The performance of doxorubicin encapsulated in chitosan–dextran sulphate microparticles in an osteosarcoma model
Osteosarcoma (OS) is the most common primary bone cancer affecting children and adolescents. It is potentially debilitating and fatal due to pulmonary metastasis. A common management strategy, chemotherapy, has a 10-year disease-free survival of approximately 60%. However, a targeted approach to OS tumor inhibition is still lacking, calling for improved management strategies. A frontline drug for OS, doxorubicin (DOX), causes multiple side-effects (example myelosuppression, heart failure, hepatic toxicity, alopecia) in patients, especially in high doses required to control tumor growth. A drug delivery system (DDS) was developed to deliver DOX specifically to tumor sites. Through DOX encapsulation into chitosan DDS via the complex coacervation method with dextran sulphate, novel DOX microparticles (DMPs), with a DOX loading content of more than 99%, were formed. Multiple optimisation steps produced DMPs which caused OS cell death through apoptosis, necrosis and autophagic cell death. Treatment of mice bearing orthotopic OS with DMP decreased tumor volume, decreased bone lysis, and reduced secondary metastasis to the lungs. DMP-treated mice also maintained their weight and did not appear to suffer from any visible side-effects such as heart failure or dry skin. Thus, DMP may prove to be a useful DDS platform clinically provided further studies are performed to rigorously validate this technology.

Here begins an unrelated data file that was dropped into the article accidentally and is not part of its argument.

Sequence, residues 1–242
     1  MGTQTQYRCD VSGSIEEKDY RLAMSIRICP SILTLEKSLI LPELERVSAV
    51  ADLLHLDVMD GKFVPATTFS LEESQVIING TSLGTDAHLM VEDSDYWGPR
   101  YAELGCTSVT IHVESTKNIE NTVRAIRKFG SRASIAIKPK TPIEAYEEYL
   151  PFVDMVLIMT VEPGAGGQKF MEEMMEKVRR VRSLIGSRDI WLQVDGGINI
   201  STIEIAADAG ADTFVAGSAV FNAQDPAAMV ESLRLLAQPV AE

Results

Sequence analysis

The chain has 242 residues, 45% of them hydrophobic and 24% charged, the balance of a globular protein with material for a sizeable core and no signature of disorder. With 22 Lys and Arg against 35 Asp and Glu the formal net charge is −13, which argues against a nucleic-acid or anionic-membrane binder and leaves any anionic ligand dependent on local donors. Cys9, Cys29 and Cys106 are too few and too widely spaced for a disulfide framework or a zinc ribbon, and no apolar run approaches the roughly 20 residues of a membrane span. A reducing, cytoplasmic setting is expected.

Journal: Biomaterials - Volume 31, Issue 3, January 2010, Pages 541–551